/ Open Targets

How to predict the success of drug development

The journey into drug discovery is not for the faint-hearted.

From the very start when we develop an idea, or therapeutic hypothesis, to the very end, when the drug is ready to reach a patient, the sinuous path is characterised by:

  • long lengths of time (it can take up to 15 years)
  • huge sums of money (millions of British pounds)
  • massive rates of attrition (drug like compounds get dropped out)
  • abysmal rates of success (the overall clinical success rate is 11%)

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We can (and should) improve the odds of drug discovery, and this is at the very heart of our Open Targets vision.

  • Can we harness the power of biodata for drug development?

  • Can we use artificial intelligence and machine learning to explore the multitude of omic data, to predict success of a clinical trial?

Come to the BioData World West 2018 to talk to us about this and much more.

But, before the conference

We have teamed up with our colleagues from GSK to run two training sessions, a workshop and a datathon, in San Francisco on the 12th March.

In our workshop, you will be introduced to the [Open Targets Platform](https://www.targetvalidation.org/ and its REST API. You will get hands-on experience exploring gene-disease relationships to prioritise potential drug targets. The workshop is suitable for all technical backgrounds.

If (and only if) you have a data science background, scripting skills and/or experience on building prediction models, you can consider joining us in our datathon to explore methods for using genomic and gene-disease data sources to predict drug development success.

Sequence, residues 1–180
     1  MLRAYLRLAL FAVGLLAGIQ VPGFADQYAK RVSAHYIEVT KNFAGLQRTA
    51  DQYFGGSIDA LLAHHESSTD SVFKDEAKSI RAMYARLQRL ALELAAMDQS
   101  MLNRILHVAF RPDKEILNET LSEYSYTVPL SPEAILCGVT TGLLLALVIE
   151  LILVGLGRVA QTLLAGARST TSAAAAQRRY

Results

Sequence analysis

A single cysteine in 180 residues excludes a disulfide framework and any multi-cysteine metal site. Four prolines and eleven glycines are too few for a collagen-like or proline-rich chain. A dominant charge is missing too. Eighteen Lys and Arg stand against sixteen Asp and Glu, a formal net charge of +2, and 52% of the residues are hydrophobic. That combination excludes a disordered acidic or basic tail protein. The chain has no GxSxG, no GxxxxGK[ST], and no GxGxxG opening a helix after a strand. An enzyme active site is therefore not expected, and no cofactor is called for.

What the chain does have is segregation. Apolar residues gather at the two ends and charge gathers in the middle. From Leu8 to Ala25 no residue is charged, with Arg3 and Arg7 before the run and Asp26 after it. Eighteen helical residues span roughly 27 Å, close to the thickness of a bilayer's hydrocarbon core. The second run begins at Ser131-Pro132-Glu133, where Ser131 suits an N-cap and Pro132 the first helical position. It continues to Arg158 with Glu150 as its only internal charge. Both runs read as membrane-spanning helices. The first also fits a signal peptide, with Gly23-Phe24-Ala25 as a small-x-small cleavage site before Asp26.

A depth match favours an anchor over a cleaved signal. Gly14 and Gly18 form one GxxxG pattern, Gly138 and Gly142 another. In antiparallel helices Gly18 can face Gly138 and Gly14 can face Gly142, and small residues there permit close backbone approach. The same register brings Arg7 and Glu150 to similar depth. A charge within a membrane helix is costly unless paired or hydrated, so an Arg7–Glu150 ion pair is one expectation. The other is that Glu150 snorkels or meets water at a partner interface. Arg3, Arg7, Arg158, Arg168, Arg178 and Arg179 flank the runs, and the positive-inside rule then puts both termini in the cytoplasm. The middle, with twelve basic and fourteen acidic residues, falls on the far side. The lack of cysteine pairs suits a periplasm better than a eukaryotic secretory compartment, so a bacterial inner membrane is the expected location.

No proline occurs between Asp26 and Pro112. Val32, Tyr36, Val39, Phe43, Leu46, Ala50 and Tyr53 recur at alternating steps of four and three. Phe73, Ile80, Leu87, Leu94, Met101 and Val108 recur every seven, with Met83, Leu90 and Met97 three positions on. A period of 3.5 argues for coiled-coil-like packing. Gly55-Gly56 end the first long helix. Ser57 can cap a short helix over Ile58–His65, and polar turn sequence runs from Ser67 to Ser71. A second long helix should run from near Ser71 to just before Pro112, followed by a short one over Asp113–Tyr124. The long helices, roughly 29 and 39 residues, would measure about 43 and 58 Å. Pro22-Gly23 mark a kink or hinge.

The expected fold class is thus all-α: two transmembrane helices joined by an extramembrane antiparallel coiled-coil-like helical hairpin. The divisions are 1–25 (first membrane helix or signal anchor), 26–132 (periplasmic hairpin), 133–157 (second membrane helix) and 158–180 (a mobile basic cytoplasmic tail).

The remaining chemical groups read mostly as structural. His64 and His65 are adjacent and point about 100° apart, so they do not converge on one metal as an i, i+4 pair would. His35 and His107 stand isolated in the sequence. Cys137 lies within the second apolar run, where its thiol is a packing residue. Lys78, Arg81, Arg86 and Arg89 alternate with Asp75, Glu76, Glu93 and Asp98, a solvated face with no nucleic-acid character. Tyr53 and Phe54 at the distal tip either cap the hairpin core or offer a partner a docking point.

Register to both conference and pre-conference workshops now.

"Why should I attend your upcoming training?"

If any of the following scenarios is up your street, yes, you ought to attend one of our training sessions:

  • Having hands-on experience with our public and proprietary data sets

  • Learning more about predicting clinical trial success

  • Meeting like minded data scientists from industry and academia

  • Working collaboratively on a challenging problem

  • Having an extra day to enjoy the Golden Gate Bridge

  • Spending a wee bit longer in Silicon Valley, for those of us more on the geeky side of San Francisco

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If you want to discuss these training sessions further or get more details, email us.

Dr Denise Carvalho-Silva

Dr Denise Carvalho-Silva

Scientific Outreach Lead at Open Targets after working in Ensembl, GENCODE, EUCOMM, pig genome projects, and post-doc at the Wellcome Sanger Institute and Australian National University.

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